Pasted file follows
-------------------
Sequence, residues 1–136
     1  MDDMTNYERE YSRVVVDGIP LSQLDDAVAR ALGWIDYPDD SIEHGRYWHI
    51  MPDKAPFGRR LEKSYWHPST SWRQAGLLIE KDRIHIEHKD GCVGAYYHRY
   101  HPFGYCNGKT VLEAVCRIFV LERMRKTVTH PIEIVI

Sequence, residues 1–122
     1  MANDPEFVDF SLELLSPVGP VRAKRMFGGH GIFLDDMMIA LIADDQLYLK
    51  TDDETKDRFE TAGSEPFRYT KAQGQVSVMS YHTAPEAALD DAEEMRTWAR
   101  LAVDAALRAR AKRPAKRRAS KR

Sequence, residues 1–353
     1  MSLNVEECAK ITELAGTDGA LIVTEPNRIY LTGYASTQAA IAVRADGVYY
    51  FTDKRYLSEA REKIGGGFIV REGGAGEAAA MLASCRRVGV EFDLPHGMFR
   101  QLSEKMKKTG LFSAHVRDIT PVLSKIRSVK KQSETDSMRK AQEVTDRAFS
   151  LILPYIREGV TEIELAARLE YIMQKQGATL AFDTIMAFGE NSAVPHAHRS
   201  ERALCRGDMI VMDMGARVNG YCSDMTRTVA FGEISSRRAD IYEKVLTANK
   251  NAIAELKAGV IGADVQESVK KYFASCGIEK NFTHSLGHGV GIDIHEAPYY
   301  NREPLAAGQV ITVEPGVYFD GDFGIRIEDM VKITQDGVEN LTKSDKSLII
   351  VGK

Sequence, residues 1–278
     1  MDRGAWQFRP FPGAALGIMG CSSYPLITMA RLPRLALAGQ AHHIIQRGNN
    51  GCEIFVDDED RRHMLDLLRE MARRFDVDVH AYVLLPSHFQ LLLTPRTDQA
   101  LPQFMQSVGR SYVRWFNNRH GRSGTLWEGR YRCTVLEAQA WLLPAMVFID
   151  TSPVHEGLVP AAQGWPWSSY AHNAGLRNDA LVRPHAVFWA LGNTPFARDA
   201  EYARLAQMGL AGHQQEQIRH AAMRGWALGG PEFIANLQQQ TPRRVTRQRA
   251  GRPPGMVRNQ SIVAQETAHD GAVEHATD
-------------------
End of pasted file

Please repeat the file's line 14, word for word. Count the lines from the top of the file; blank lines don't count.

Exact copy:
   201  ERALCRGDMI VMDMGARVNG YCSDMTRTVA FGEISSRRAD IYEKVLTANK